16. Overfishing and pollution are the primary causes of coral reef decline. In addition, the recent rise in sea-surface temperatures in many areas has caused coral bleaching, and the increased CO2 in the atmosphere, and hence in surface waters, is causing dissolution and decline of the reefs.
  17. Each transfer to a higher level in the food chain is only efficient 10% by mass.
  18. There are typically between 2 and 5 transfer steps from the phytoplankton to large fish. The shortest chain is in upwelling regions, the longest in the open ocean.
  19. The abundance of fishes depends on these food chain properties.
  20. Students should know some common examples of sea life. They should know the three domains of life: the archea, the eubacteria (bacteria) such as prochlorococcus, and the eucaryotes. For single-celled eucaryotes, they need to know coccolithophorids , diatoms, and dinoflagellates. For protozoans: copepods, euphausids, tintinnids, and the fact that larvae of all major types are present. They need to know that the major large-animal phyla are arthropods, chordates and mollusks. They should know that major multi-cellular organisms are grouped into sponges, cnidarians (corals, jellyfish), echinoderms (starfish, sea urchins), a number of worms (e.g., polychaetes), arthropods (pill bugs, crabs, shrimps), mollusks (squids and octopuses, clams and mussels, snails and slugs) and chordates (sea squirts -- with a tadpole-like larva -- jawless fishes, sharks and rays, bony fishes, snakes and turtles, sea birds, sea mammals). Among the mammals, they need to know that there are whales, sea cows and seals. For whales, they need to distinguish baleen whales from toothed ones.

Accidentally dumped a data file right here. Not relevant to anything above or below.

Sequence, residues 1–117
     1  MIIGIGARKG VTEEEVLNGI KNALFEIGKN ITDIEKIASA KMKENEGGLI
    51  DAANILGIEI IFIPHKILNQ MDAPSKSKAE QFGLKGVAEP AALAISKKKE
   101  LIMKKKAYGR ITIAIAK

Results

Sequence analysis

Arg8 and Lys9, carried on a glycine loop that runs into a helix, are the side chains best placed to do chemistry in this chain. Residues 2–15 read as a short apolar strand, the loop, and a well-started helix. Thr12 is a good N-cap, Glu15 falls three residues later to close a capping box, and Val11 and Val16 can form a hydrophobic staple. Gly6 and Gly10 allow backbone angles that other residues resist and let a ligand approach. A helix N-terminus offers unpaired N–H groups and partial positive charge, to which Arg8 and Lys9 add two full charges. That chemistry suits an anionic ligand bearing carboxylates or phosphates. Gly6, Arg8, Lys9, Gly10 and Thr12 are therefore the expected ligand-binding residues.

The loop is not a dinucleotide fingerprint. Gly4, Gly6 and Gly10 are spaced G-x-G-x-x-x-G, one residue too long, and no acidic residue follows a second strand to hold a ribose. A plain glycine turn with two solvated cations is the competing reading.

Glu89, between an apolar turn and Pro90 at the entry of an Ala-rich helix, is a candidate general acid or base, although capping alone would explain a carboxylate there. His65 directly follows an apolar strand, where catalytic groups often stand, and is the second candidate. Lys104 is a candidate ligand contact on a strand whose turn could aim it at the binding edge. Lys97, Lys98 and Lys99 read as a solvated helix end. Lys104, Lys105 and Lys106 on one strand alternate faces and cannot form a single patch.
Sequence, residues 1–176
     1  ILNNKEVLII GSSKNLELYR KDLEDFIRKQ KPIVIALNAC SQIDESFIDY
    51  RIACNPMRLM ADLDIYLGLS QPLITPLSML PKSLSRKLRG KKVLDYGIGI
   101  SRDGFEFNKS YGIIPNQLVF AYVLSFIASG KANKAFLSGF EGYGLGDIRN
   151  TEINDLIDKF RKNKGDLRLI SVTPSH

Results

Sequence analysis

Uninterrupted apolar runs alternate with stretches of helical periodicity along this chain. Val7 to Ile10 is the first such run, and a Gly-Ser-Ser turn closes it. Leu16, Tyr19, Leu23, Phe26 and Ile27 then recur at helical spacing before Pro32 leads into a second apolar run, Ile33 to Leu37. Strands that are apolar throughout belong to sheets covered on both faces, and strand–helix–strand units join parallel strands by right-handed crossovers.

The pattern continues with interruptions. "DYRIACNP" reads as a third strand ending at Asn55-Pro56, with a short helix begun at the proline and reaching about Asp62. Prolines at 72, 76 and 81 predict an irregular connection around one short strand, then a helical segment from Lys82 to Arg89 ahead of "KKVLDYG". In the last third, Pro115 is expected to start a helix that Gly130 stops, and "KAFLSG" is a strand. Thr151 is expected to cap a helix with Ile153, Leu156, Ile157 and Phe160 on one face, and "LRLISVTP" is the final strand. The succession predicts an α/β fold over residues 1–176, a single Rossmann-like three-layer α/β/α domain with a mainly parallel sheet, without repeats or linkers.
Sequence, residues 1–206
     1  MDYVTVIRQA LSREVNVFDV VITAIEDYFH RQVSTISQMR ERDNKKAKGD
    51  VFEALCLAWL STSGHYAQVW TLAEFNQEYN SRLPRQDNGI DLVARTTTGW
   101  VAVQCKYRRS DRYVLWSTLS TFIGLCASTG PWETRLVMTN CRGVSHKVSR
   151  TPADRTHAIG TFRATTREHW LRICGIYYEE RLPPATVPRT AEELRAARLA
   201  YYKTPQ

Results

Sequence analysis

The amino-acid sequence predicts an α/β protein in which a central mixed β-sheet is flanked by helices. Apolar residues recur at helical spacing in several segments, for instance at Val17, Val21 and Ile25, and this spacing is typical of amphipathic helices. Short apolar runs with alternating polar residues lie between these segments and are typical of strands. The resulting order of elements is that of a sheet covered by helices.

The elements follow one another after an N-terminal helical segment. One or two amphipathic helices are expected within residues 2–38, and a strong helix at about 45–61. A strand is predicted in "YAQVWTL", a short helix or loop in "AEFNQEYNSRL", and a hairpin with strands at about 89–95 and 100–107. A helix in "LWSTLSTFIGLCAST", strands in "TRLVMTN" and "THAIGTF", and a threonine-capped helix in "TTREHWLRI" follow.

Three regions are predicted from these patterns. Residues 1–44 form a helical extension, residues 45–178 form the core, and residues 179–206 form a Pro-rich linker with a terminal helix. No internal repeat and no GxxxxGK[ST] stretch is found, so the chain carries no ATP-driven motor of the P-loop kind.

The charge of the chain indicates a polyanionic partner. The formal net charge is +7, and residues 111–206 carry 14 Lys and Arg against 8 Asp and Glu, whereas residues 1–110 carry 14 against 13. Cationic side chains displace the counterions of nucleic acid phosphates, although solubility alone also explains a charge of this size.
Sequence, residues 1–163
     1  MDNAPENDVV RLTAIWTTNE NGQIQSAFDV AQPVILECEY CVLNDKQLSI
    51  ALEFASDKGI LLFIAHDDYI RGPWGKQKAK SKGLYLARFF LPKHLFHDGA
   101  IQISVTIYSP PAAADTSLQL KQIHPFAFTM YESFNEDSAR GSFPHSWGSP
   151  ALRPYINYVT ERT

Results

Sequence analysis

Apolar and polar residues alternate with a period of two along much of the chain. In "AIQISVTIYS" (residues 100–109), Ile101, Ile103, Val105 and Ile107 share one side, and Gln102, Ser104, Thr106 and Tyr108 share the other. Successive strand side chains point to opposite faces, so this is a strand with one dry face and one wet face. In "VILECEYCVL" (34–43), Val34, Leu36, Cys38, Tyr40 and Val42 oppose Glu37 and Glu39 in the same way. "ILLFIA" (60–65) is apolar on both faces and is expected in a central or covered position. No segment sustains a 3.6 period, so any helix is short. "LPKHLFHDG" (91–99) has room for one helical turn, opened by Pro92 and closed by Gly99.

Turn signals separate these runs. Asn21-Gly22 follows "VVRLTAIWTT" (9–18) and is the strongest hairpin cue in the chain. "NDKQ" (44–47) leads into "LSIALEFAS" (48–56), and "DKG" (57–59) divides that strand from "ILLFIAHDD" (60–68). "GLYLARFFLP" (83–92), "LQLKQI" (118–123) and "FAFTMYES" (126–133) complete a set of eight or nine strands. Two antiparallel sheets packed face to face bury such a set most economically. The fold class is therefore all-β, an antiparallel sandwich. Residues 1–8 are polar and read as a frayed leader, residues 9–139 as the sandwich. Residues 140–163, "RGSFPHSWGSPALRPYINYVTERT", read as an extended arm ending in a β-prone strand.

Regarding Physics

  1. Steady winds produce currents. Variations from region to region in the force of the steady winds create geostrophic currents (The currents shown on maps and in textbooks).
  2. The top 100 meters of most of the ocean is warmed by the sun, and below that is a vast pool of very cold water that fills the ocean basins.
  3. The cold water is formed at high latitudes where seawater is cold and salty, and it sinks to fill the ocean basins. The sinking of cold water at high latitudes in the North Atlantic is an important part of the world-wide “conveyor belt” that transports water and heat around the world.
  4. Light can reach only about 130 meters into the clearest water, (the depth where the light intensity is 1% of its value at the surface) and only a few meters into turbid water close to shore, limiting the depths where warming and photosynthesis can occur (Jumars, 1993: 136). The sunlit surface layer is called the daylight (euphotic) zone. Below this there is no sunlight, the very cold midnight zone.
  5. Winds and currents mix the upper ocean.
  6. The moon and the sun are responsible for making tides, causing sea level to rise and fall every 12 to 24 hours depending on location along the shore.
  7. Winds make waves, and storm winds make big waves that can travel great distances.
  8. Tsunamis are generated by earthquakes. Big earthquakes can generate waves that cause major damage far away from the earthquake region.

Regarding Economics

  1. Most of the economic resources worth considering, mainly a wealth of oil and gas and some fish, are on the shelf and in the continental slope.